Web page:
About this site
A passion project…
This site is a passion project by me, Betty Adamou.
I’m a local Suffolk resident originally from London, and Christchurch Park has been a tonic to me for the last five years.
I actually thought of starting this site back in 2019, when I first caught site of the Wollemi Pine.
What’s a Wollemi Pine? I hear you ask.
That’s the same question I had too, when I saw the label on a very strange looking young tree in the Arboretum (toward the back of the park, near the school exit).
Turns out, the Wollemi Pine is a tree that was around when dinosaurs ruled the planet, and when there was massive continent called Gondwanaland.
The Wollemi Pine was thought to be extinct, but, a discovery of this tree in the Wollemi Park of Australia in XXX saw this brilliant piece of Earth’s history being re-identified, and re-introduced throughout the world, with an ongoing project that you can check-out here.
I couldn’t believe that such an amazing plant, with such awesome history, was just sitting there nonchalantly, and no-one realising the significance!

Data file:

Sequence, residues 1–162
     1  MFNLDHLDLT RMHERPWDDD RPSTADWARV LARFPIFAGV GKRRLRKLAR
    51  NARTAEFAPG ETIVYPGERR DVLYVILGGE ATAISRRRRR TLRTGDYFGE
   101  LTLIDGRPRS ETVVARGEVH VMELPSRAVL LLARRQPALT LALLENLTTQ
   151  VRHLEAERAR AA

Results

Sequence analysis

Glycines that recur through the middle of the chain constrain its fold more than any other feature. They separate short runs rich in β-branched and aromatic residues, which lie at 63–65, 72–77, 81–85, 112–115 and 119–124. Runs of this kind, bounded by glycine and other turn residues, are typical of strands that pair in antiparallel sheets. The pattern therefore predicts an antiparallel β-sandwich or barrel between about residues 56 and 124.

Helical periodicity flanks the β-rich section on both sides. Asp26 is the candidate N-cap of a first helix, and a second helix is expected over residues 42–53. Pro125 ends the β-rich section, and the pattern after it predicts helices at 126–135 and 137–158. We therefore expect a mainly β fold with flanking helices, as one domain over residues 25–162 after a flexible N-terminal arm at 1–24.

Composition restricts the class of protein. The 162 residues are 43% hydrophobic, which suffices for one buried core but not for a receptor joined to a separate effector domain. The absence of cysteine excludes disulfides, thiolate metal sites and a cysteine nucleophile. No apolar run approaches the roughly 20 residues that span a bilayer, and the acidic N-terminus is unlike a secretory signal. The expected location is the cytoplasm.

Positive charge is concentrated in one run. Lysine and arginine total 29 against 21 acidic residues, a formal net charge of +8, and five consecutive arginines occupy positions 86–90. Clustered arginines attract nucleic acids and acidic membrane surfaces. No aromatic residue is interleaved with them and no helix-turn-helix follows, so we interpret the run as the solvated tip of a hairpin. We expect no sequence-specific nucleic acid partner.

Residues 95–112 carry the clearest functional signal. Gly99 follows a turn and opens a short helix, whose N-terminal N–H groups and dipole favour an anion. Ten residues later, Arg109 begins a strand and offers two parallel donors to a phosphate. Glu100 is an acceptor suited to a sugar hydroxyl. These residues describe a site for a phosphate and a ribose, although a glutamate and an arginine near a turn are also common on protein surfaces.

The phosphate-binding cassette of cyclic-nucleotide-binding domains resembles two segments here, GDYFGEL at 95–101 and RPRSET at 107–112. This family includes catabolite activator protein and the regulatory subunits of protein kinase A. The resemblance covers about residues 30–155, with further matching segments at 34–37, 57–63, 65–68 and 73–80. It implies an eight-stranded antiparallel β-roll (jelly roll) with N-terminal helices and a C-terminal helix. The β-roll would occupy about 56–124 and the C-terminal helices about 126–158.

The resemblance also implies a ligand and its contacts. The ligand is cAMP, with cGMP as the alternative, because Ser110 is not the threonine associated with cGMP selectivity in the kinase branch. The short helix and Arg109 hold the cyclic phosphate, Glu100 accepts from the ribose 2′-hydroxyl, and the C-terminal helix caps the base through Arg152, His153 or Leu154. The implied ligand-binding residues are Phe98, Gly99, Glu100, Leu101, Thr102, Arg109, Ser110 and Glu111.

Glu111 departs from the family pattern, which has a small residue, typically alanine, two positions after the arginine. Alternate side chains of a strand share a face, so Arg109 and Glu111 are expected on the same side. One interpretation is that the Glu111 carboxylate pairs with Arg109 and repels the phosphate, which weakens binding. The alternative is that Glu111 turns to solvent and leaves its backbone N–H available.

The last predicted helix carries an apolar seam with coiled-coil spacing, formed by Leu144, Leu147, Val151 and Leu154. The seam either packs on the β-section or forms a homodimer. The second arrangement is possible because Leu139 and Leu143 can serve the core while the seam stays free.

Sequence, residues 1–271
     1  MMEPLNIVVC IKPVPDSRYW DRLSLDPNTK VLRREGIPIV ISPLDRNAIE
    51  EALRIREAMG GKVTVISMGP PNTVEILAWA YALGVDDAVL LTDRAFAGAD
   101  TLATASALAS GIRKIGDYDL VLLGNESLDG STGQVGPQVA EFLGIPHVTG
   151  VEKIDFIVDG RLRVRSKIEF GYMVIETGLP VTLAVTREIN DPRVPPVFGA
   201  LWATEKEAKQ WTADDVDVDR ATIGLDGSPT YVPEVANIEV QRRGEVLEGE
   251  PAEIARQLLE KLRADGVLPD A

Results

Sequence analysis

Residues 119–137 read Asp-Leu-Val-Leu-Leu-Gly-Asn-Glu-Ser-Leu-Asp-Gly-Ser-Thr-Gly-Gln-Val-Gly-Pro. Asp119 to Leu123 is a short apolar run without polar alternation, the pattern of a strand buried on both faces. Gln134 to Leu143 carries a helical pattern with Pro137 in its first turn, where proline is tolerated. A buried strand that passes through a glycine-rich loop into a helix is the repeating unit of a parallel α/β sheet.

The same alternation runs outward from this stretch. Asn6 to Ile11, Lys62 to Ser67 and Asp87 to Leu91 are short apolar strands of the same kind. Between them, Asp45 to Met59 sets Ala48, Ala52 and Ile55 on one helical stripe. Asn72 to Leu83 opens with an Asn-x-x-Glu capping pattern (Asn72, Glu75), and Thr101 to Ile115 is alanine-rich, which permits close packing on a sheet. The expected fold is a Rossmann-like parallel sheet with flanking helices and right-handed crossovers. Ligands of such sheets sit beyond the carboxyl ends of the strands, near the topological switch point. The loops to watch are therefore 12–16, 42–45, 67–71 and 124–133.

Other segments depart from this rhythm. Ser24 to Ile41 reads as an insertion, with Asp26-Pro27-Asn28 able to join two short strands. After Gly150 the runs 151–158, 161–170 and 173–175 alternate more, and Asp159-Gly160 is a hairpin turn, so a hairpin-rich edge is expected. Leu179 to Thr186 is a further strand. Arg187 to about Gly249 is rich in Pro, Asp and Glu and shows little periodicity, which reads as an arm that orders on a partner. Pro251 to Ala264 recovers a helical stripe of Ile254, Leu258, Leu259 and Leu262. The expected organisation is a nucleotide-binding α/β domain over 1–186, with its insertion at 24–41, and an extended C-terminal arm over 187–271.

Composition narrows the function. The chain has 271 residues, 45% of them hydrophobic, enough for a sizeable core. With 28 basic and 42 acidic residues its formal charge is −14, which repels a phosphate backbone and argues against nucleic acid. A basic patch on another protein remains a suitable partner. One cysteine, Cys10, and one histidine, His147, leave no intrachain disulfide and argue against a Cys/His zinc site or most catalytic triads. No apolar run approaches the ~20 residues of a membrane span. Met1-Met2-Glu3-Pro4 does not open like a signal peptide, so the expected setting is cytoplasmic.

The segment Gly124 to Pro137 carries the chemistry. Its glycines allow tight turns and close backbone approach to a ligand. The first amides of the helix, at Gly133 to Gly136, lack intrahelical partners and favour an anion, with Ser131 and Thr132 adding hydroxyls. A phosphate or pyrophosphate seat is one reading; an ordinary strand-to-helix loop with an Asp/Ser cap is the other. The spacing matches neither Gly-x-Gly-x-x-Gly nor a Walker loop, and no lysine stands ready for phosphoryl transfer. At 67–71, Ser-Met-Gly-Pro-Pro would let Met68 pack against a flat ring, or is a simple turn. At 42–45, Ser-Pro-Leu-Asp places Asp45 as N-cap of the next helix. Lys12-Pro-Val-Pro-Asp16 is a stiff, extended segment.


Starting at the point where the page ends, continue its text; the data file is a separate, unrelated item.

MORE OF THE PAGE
I excitedly told friends about this amazing plant sitting in our local park, but soon realised that there is no where to see this kind of information for those who want to know more. I wanted to do something about this, by creating a site solely focused on the the biology of the park, to act as a one-stop-shop directory and nature archive.
Hence, Biology of Christchurch Park was born.
Without any background in plant or Earth sciences, I’m learning as I go, and speaking to fantastic people in the local area know lots about the parks’ creatures. and plants. And doing a LOT of Googling!
With more than 80 acres, there’s a lot to cover…
I anticipate that by the time I document each and every plant or mamal, lichen or fungi, I’ll be an old lady. With that in mind, this site, much like the park itself, is growing and changing, so expect things to become more populated over time.
Because of the sheer size of the park, and the vastness of each individual area, I’ve given nicknames to the areas and also use What 3 Words to help you see the exact location of a specific piece of flora or a habitat.
You can check out What 3 Words here:
I’ve also sectioned the park into 28 areas, if we need to discuss parts in a more broader sense.
These maps can be found here.